Barack Obama’s inaugural address is proving to be more powerful in the reading than it was in the hearing.
Commentators on radio and television have been doing a two-step. First they say that the speech lacked the eloquence of his speech on race or of his remarks on the night he won the presidency; and then they spend lots of time talking about the implications of a sentence (“We reject as false the choice between our safety and our ideals”), a clause (“programs will end”), a phrase (“dust ourselves off”) or even a single word (“Muslim,” “non-believers.”)
It is as if the speech, rather than being a sustained performance with a cumulative power, was a framework on which a succession of verbal ornaments were hung, and we were being invited not to move forward but to stop and ponder significances only hinted at.
And if you look at the text – spread out like a patient etherized on a table – that’s exactly what it’s like. There are few transitions and those there are – “for,” “nor,” “as for,” “so,” “and so” – seem just stuck in, providing a pause, not a marker of logical progression. Obama doesn’t deposit us at a location he has in mind from the beginning; he carries us from meditative bead to meditative bead, and invites us to contemplate.
Of course, as something heard rather than viewed, the speech provides no spaces for contemplation. We have barely taken in a small rhetorical flourish like “All this we can do. All this we will do” before it disappears in the rear-view mirror. But if we regard the text as an object rather than as a performance in time, it becomes possible (and rewarding) to do what the pundits are doing: linger over each alliteration, parse each emphasis, tease out each implication.
There is a technical term for this kind of writing – parataxis, defined by the Oxford English Dictionary as “the placing of propositions or clauses one after the other without indicating . . . the relation of co-ordination or subordination between them.”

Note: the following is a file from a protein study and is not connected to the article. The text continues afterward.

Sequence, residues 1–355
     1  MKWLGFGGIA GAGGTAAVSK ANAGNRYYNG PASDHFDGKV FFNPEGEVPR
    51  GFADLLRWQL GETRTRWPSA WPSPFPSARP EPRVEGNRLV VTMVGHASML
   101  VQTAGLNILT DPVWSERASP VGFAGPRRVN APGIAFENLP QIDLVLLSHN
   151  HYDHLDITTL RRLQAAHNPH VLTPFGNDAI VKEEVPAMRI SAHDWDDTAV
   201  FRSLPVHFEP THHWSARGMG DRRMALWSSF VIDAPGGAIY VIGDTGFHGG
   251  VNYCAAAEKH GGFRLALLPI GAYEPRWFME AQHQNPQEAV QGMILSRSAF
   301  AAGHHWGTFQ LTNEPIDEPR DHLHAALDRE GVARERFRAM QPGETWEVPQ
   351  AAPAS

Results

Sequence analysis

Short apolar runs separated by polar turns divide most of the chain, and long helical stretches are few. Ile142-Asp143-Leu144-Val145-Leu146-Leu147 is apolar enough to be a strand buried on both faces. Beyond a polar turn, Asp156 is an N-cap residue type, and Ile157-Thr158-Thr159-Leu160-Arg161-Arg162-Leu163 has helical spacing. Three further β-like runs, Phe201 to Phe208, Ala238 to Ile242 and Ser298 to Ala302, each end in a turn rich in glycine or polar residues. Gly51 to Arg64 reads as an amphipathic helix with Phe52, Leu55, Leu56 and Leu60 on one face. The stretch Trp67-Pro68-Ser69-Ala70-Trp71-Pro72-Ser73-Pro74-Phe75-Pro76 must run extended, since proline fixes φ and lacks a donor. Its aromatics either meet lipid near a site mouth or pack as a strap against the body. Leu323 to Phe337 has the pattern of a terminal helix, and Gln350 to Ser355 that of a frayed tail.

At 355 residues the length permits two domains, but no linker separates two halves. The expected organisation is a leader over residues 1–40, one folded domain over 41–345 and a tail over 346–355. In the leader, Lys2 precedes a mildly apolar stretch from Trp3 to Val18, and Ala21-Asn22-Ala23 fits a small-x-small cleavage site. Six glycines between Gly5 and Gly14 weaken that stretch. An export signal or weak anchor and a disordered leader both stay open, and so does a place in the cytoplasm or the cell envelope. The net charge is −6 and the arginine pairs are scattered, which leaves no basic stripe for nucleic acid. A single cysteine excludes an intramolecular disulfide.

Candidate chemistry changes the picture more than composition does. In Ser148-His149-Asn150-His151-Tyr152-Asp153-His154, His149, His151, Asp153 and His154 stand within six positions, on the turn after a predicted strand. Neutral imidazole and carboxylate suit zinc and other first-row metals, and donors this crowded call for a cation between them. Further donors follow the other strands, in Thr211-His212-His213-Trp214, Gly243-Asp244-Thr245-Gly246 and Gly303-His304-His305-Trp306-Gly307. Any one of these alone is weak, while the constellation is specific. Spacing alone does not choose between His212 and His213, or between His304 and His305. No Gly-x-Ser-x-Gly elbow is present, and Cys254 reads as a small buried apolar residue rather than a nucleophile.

The opposite of parataxis is hypotaxis, the marking of relations between propositions and clause by connectives that point backward or forward. One kind of prose is additive – here’s this and now here’s that; the other asks the reader or hearer to hold in suspension the components of an argument that will not fully emerge until the final word. It is the difference between walking through a museum and stopping as long as you like at each picture, and being hurried along by a guide who wants you to see what you’re looking at as a stage in a developmental arc she is eager to trace for you.
Of course, no prose is all one or the other, but the prose of Obama’s inauguration is surely more paratactic than hypotactic, and in this it resembles the prose of the Bible with its long lists and serial “ands.” The style is incantatory rather than progressive; the cadences ask for assent to each proposition (“That we are in the midst of crisis is now well understood’) rather than to a developing argument. The power is in discrete moments rather than in a thesis proved by the marshaling of evidence.
Paratactic prose lends itself to leisurely and loving study, and that is what Obama’s speech is already receiving. Penguin Books is getting out a “keepsake” edition of the speech, which will be presented along with writings by Abraham Lincoln and Ralph Waldo Emerson. (You can move back and forth among them, annotating similarities and differences.)
One day after the occasion, USA Today offered as an analysis of the speech a list of the words most frequently used, words like America, common, generation, nation, people, today, world. This is exactly the right kind of analysis to perform, for it identifies the location of the speech’s energy in the repetition of key words and the associations forged among them by virtue of that repetition.
In the years to come what USA Today has begun will be expanded and elaborated in a thousand classrooms. Canonization has already arrived.